Don't get me wrong: some are good but they are few and far between just because if they are good they go on and become BAs or something else.

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I think this is a broad generalization (and someonewhat backhanded to someone who works in QA). I would ask what would you expect and want from QA ?

IMHO, software verification is what you want from a QA team including:

0) verifying that all requirements are implemented 1) verifying that all requirements are implemented correctly 2) reporting any deviations from requirements 3) providing documentation to reproduce the deviation from requirements 4) provide scalability, stresss, and capacity, fault tollerance support for the product

Sf that means calling that group "software breakers" and "verifiers" so be it. In my job, human health consequences can result from mal peforming software. It's not about me, my group or the QA group, its about the people that are helped from using the software I write. It's really about attitude.

Of historical note on the "breaking" thing. There was a team inside IBM in the 80's called the Black Team. They had a culture of saying that they had "succeeded" when they broke the software to encourage the identification of defects. They considered their work a "failure" when they failed to find/identify any faults in the software. On the other hand, the outcome of their "failure" was great reliable software...

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wow. modded down. didn't expect that.... –  MikeJ Jan 30 '09 at 13:41
    
+1 to offset that. I hate when people downvote for no apparent reason and don't leave a comment why. –  17 of 26 Jan 30 '09 at 14:29

Our QA team does a bit of breaking and a lot of verification, both of which, I think, are the basic points of having QA. They're the final rigorous test point between your code and the production environment or RTM.

While they don't actively try to break the application, they're very good at doing the kind of things that users are going to try to do. This, at some point, does end up breaking the application.

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I work in a 3 person development group. We each have to test and are generally left to our own testing devices (we do web app work primarily). It's not a solution I'm happy with. Sometimes users are involved in testing. I have a couple of users who are pretty sharp and reliable, but I never plan on getting input from the rest.

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Effective? How do you measure that? # of bugs found? What if the code is really solid? What if they just find one bug, but it's a really important one? Do you blame them on the bugs that do slip through the cracks?

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You can get an idea of effectiveness by how many defects are discovered in production or by the client versus how many were discovered in QA. You don't blame them any more than you would blame the developer. –  Brian G Jan 30 '09 at 13:49
    
The other indicator of effective QA is the quality of their bug reports. Like developers, there can be an order of magnitude difference in talent of QA people. –  17 of 26 Jan 30 '09 at 14:27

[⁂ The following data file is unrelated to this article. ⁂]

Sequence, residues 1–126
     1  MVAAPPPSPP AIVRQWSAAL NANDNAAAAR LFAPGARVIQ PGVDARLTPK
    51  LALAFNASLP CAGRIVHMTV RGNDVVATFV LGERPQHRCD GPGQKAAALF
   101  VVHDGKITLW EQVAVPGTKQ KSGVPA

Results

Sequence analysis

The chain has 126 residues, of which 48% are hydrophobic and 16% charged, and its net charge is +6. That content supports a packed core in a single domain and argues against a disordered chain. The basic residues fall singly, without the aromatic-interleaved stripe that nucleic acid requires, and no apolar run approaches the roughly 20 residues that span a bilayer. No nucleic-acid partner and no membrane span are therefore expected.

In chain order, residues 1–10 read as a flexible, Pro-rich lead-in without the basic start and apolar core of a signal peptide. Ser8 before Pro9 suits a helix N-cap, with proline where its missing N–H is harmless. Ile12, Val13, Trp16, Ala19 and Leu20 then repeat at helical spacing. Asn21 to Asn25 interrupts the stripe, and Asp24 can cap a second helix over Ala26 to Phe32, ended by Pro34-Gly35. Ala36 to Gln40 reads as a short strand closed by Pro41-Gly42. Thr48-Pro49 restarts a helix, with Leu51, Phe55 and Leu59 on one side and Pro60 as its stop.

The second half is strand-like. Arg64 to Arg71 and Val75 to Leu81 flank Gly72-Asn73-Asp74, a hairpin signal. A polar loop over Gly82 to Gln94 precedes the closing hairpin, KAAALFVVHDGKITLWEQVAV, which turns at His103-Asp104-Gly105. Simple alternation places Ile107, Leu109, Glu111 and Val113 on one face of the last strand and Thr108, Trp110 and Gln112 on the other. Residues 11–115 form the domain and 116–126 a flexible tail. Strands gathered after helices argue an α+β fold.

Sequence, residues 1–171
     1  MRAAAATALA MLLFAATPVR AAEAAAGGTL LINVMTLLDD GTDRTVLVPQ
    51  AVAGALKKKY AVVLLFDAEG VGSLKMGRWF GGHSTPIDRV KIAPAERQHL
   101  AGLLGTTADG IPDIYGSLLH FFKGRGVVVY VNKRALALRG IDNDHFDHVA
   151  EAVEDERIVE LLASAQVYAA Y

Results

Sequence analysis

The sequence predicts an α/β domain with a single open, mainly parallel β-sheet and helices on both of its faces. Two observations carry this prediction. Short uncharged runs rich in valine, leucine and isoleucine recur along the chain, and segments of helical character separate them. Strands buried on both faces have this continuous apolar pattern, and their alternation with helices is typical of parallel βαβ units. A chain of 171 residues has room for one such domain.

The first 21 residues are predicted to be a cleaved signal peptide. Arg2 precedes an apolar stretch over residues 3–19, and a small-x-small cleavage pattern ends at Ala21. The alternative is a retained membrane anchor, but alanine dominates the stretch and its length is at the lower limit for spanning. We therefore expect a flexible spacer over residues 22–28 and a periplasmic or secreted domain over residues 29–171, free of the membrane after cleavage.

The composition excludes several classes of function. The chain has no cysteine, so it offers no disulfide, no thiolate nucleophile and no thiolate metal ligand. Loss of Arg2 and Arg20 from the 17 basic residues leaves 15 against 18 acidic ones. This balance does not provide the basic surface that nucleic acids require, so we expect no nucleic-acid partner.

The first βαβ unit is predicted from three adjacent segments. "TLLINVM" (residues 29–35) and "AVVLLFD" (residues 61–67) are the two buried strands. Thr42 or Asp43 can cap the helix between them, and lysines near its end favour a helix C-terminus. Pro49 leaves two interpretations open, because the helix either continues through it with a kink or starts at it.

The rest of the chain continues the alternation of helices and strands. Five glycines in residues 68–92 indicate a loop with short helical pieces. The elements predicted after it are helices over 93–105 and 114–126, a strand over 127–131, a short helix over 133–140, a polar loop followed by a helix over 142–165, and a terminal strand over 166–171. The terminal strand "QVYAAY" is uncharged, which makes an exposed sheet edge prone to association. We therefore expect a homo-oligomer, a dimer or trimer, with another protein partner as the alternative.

Our organization has only had a formal qa team for about a year and a half. Now we are trying to get a configuration management group (we only have one person for this now). To a person, all the development managers wish we would get more QA people rather than configuration management because we have found that QA is extremely valuable to us and configuration management only causes projects to get farther behind while we wait for someone to put the new code out on the release schedule rather than when it is ready to go. Developers have blind spots in testing their own code (we know how it is supposed to wrok after all) and good QA people will always find things the developers missed.

I think the biggest problem with getting good QA people is the salaries tend to be on the lower side. There is no reason for a technical person to move to that career path if he or she is already making more than the QA people make. So they end up with people right out of school or who have no technical background. These are exactly the people who don't have the knowledge to set up good automated testing or the business acumen to understand how users need the software to work. (I have seen this with business analysts as well who are also critical to the quality of the final product. I just saw a job opening for one of these that paid 30K a year. I'm sorry but the guy who is going to determine what the requirements for the software that is critical to the function of a company needs to get paid more than the receptionist. And managers wonder why software quality can be so low. Bad requirements = bad software close to 100% of the time.)

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In our place these are just students that click through the application by going through predescribed scenarious. No initiative testing, no interest, nothing beyond what was given. As the fact it's me (developer), our PMs and sadly customers who do the final testing.

I find out I'm probably the only guy entertaining the idea of doing something non-standard just to look what will happen. It happened to me to find bugs in quite used sections of software by doing something that noone had an idea of doing for several years. And I'd been there in company for just a few months.